Yes, bullet trains speeding at 180 mph [290 kph] or more from major city to major city are great for business execs in a hurry and on an expense account. But the more conventional, cheaper, "fast enough" high-speed rail lines like the West Rhine line are the real backbone of the German passenger rail system and that of most other industrialized nations. And it is from these examples that America has the most to learn, especially since it now looks as if the U.S. isn't going to build any real high-speed rail lines, except possibly in California, anytime soon. In an ironic twist, between the mounting concern over the state and federal deficits and growing Republican and NIMBY opposition to high-speed rail, the Obama administration is being forced to settle for incremental projects that will only bring passenger rail service up to the kind of standards found on the West Rhine line. And that's a good thing, provided Republicans don’t succeed in killing passenger trains in the United States altogether, as they are increasingly wont to try.
Mr Longman contends that America's passenger rail system is so bad that even simply upgrading to "fast-enough" trains would represent a vast improvement in service that would build ridership and political support for further upgrades. Right now, he argues, building true high-speed rail in America would be "so expensive, disruptive, contentious, and politically risky that it just might not be possible."
The key tipping point, Mr Longman says, is when taking the train becomes faster than driving. And several factors are more important than speed. On-time performance is crucial, and perhaps Amtrak's biggest problem. Mr Longman thinks this can be fixed with "incremental investment in new sidings and track capacity to make sure freight trains don’t get in the way." Improving frequency of service could also help, Mr Longman argues.
Blogger Matt Yglesias says he agrees with Mr Longman, but I don't think he actually does. Here's how he wraps up his post on the subject:
I do find the whole conversation slightly frustrating. The United States is a really big country. You wouldn’t hear a debate in "Europe" about whether "Europe" should be building a train from Madrid to Barcelona "or" a train connecting the cities of the Rhineland. Nothing about [upgrading a slowish Portland-Seattle line to medium-speed] actually prevents you from building a brand new true HSR connection elsewhere in the country. The overall pot of infrastructure spending money in the United States is currently too low, which prompts a bunch of should-be-avoidable conversations about project priority.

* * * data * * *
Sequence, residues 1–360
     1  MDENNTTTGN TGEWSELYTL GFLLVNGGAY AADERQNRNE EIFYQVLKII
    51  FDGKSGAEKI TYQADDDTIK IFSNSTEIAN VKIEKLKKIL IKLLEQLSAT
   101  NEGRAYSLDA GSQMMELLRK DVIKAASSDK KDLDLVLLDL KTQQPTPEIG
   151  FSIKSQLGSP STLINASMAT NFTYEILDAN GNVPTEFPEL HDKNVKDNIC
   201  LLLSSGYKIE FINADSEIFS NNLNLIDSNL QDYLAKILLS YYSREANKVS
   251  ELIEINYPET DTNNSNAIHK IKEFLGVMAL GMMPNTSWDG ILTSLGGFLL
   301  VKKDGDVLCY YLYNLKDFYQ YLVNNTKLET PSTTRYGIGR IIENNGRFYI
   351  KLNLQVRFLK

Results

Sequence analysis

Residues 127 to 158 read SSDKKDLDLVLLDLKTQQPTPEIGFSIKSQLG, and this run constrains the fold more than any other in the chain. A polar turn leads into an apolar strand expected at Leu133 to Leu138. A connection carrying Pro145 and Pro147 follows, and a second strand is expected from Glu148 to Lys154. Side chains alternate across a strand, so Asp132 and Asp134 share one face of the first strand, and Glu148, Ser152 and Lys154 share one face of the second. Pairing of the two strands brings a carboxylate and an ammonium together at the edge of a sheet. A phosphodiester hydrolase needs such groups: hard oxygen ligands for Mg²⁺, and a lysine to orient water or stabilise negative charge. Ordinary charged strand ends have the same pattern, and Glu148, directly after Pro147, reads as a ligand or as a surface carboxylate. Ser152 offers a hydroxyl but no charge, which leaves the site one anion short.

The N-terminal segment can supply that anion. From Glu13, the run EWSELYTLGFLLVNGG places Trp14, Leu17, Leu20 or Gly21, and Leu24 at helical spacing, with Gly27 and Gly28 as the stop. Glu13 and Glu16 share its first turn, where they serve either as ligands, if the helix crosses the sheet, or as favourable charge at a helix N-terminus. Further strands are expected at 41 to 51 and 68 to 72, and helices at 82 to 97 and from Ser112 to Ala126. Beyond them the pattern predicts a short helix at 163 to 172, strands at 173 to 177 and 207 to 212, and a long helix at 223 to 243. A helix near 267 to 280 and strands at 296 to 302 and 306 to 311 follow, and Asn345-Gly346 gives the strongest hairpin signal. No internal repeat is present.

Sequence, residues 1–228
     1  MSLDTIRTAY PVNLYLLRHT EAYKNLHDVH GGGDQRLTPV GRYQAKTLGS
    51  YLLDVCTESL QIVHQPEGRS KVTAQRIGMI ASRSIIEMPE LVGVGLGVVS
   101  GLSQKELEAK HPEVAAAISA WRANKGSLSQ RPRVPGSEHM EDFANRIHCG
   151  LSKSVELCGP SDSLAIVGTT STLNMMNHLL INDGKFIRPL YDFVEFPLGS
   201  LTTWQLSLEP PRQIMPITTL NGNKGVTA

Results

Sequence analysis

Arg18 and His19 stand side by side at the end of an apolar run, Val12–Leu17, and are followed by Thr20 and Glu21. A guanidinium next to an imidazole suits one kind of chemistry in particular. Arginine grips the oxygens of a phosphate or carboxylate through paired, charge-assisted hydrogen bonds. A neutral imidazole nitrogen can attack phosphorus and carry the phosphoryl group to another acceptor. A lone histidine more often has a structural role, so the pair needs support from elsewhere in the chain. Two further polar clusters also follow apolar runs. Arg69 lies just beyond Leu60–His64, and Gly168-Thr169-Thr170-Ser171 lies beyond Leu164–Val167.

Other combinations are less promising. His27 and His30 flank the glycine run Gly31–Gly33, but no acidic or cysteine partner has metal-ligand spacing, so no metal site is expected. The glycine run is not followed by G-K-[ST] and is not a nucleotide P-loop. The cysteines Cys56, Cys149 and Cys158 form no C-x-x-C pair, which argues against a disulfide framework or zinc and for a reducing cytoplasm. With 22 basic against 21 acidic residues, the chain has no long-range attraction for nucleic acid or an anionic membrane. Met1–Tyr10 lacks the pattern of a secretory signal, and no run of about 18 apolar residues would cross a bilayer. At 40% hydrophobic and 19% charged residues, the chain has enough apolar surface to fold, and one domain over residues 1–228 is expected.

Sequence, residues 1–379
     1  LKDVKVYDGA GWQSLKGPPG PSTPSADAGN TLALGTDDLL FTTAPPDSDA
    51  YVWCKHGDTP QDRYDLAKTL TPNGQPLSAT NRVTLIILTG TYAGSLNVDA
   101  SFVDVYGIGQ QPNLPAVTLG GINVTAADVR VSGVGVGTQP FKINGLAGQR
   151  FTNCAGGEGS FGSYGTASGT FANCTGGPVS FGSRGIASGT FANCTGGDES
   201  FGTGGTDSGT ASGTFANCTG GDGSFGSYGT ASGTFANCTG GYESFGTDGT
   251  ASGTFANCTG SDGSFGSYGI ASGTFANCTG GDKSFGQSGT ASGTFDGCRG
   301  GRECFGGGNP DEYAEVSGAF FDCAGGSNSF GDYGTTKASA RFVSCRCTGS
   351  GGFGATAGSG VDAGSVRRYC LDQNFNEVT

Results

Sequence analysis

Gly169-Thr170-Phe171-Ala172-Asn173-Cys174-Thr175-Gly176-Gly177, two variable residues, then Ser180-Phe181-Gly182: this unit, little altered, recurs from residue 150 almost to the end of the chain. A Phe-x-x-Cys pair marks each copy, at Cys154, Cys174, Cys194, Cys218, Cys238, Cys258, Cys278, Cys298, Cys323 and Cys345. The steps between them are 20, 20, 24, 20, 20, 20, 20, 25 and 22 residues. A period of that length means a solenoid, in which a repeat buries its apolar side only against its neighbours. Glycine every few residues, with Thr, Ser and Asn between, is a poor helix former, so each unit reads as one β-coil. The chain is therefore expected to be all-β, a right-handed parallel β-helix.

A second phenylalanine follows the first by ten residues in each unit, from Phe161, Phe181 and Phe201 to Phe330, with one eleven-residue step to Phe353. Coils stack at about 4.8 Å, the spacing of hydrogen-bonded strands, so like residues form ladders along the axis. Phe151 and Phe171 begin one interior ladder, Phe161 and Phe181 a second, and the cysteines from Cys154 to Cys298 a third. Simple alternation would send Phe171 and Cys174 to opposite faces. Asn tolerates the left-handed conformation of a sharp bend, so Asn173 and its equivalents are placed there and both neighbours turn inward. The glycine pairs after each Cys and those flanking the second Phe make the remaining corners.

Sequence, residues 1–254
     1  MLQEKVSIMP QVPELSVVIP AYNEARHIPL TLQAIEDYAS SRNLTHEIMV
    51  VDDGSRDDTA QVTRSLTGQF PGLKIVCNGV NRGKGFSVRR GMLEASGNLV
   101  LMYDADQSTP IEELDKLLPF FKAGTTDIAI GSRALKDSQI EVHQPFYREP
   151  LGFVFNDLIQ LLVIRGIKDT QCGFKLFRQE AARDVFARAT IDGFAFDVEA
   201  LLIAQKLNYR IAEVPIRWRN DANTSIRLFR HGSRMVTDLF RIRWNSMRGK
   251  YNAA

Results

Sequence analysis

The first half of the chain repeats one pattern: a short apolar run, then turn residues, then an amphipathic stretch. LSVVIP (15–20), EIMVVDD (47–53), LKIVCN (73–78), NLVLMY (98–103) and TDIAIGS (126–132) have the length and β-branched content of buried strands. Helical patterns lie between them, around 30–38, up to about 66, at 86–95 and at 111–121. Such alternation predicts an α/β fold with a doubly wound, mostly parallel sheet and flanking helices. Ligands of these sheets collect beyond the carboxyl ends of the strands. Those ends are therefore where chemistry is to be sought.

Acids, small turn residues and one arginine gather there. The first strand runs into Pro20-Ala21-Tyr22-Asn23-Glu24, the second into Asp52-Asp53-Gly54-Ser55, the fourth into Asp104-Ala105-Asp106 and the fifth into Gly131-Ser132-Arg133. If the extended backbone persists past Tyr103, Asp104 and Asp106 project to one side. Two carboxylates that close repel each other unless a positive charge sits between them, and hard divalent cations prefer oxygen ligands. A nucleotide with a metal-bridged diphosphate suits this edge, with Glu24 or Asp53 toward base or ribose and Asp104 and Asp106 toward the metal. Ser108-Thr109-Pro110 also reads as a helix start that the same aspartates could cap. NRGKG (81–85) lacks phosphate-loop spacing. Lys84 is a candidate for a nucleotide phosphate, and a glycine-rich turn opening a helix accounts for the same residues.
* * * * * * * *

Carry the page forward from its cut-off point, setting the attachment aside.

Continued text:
That last sentence is crucial. Mr Longman's article rests on the dubious idea that if we spend less on high-speed rail, politicians will for some reason feel compelled to take the money that would otherwise have been spent on high-speed rail and use it to upgrade slow-speed lines to "fast enough." But there's no evidence that is actually true. After all, the reason that the lines are so slow in the first place is that America has never spent the money to make them any faster. It's not as if building more sidings for freight trains and improving signalling are new ideas. Contra Mr Longman, there's not much for America to "learn" here: Europe invested in making its less-than-high-speed lines "fast enough." America didn't. It's a short story.
One problem is that it's hard to get politicians to spend money on incremental improvements. The difference between an older service and the newer, incrementally improved service is only noticeable over long periods of time, if at all. Amtrak's Northeast corridor service has gotten incrementally faster over the past few decades. But that hasn't increased the political support for further improvements—in fact, Amtrak's continued failure to make dramatic improvements has been fodder for its critics. "Service between New York and DC is a few minutes faster" is not the kind of statement that fires up members of Congress. It's not the kind of thing you can put on a bumper sticker, either.
When Rick Scott, the Republican governor of Florida, nixed a flagship Obama administration high-speed rail project there, I argued that the White House had paid the price for its lack of vision:
Much of the blame for how all this turned out has to rest with the White House. The Obama administration's political team didn't seem to anticipate the danger that putting Mr Obama's name behind high-speed rail (or just about anything) would galvanise Republican opposition. If they did anticipate the GOP backlash, and embraced modest rail plans in order to soften a blow they knew would come, that's even worse. If the White House was going to take the political risk of putting its weight behind high-speed rail, it should have gone all-in. A Tampa-Orlando line and some track improvements in the upper Midwest weren't enough to inspire anyone.
The best way to get high-speed rail to succeed in America is to actually build it somewhere, and then to wait for the other states to say "I want that!" The Obama administration doesn't have to "settle" for incremental improvements. The places that are objectively the best candidates for high-speed rail (California and the Northeast corridor) also happen to be the places that want to invest in it. The federal government should spend its limited high-speed rail money in those places instead of worrying about convincing GOP governors in Ohio and Wisconsin and Florida to accept hundreds of millions of dollars to build "fast-enough" lines. And if there isn't the political will to appropriate the money, then at the very least the feds should make it easier for states that want to work together on high-speed rail to do so and get out of the way.